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Back to school.

Carpenter Manufacturing in Mitchell is one of only five school-bus makers in the U.S.

Time to catch that yellow bus again. With summer gone, Indiana students are joining millions of children throughout the world who ride school buses. Wrong.

The school bus as we know it serves just North American youngsters. In foreign countries, students may ride buses to school, but their vehicles are shared with other members of the community. Canada and the United States are the only nations which paint buses yellow.

Even the manufacturers of school buses are fairly exclusive--there are only five in the country, with the future of Wayne Corp. in Richmond undecided at the moment. Carpenter Manufacturing, located in Mitchell, is a 70-year-old school-bus manufacturer. The company was honored when its first all-steel bus, a 1936 model, became part of the Smithsonian Institution's collection. Earlier, school buses were made of wood; before that, students rode in horse-drawn conveyances.

School buses are usually simpler and less expensive than other bus styles. School models, then, may be the choice for community use in poorer countries. Dana Dunbar, Carpenter chairman, says his company has been exporting buses to Costa Rica, Nicaragua, Columbia, Venezuela and Bolivia.

School buses are yellow but not necessarily yellow all over. White roofs can lower the interior temperature of a bus by seven degrees. Hot-weather states such as Florida and Georgia find white tops an affordable alternative to air conditioning. Those exported to Central and South America also are usually painted white for the same reason, though bright trim colors are popular there.

A regular 66-passenger school bus costs about $35,000. Flat-nose models are more expensive, and they're considered safer. Without the traditional long bus front, the driver can more easily see a child in front of the bus. Improved visibility for drivers is important because most accidents related to school buses occur outside the vehicles. There will always be driver blind spots; a new mini-Doppler radar system, joint effort of Carpenter and Delco Electronics, should help with the problem.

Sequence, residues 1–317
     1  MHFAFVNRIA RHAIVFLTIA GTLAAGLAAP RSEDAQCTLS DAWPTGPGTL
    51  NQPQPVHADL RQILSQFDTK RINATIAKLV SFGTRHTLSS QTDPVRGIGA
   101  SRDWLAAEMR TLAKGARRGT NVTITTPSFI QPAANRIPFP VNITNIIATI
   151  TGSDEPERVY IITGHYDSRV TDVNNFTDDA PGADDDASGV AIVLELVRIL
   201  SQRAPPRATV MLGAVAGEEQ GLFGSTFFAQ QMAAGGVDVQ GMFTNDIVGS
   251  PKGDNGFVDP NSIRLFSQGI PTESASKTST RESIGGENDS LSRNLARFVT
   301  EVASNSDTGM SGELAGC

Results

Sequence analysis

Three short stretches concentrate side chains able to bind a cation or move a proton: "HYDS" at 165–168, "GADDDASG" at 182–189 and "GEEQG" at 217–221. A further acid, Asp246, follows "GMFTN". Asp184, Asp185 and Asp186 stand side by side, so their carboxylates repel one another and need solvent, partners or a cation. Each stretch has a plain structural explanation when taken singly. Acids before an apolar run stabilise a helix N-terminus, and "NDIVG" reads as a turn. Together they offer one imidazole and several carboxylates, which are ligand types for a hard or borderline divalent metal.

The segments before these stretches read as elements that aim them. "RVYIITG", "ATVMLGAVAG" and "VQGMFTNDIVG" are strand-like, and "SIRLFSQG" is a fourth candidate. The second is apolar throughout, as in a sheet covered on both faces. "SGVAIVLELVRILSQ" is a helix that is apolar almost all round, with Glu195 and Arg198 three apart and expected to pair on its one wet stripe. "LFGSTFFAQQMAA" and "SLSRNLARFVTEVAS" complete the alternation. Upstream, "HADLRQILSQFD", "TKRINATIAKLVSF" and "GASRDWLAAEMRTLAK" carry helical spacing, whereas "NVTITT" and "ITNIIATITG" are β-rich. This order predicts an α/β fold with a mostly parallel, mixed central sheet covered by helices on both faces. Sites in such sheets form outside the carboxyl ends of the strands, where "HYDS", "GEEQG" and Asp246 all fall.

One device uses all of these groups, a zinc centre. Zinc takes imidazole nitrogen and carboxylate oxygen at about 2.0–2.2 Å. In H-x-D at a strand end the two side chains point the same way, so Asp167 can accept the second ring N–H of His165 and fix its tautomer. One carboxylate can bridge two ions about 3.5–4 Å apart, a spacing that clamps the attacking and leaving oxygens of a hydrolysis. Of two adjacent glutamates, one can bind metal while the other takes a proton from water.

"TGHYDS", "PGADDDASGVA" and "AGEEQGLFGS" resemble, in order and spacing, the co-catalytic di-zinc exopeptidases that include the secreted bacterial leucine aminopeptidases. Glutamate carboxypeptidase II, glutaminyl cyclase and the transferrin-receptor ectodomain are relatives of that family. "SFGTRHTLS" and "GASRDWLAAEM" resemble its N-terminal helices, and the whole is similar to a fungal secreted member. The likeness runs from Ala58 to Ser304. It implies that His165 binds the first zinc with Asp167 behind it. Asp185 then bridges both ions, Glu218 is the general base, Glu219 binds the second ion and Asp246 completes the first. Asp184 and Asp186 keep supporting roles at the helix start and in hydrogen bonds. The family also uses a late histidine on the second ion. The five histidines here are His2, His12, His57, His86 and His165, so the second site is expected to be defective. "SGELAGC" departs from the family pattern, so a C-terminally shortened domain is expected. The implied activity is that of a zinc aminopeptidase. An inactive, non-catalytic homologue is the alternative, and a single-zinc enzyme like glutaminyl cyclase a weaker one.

Why aren't school buses equipped with seat belts? The U.S. Department of Transportation favors compartmentalized seating over belts. In the compartments with high backs, children may tumble but within a limited area. If a bus lands in water, it could be easier to rescue 66 unrestrained children than that many strapped in. Also, in today's buses metal bars are padded to protect against head injuries.

Carpenter regularly uses made-in-Indiana parts and supplies in its buses. Sam Barnett, senior purchasing agent, says, "We try to buy locally and within the state as much as we can."

Most Carpenter buses are equipped with engines from Cummins Engine Co. of Columbus. Transmissions are made by Allison Transmission of Indianapolis, while lighting comes from Grote Manufacturing in Madison. Even the seat padding comes from Indiana, made in Seymour by Lichter Rubber Products.
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Title Annotation:school-bus maker in Carpenter Manufacturing Inc.
Author:Keaton, Joanne
Publication:Indiana Business Magazine
Article Type:Company Profile
Date:Sep 1, 1992
Previous Article:Overnight in North Central Indiana: a selection of accommodations.
Next Article:A recovery of fits and starts.

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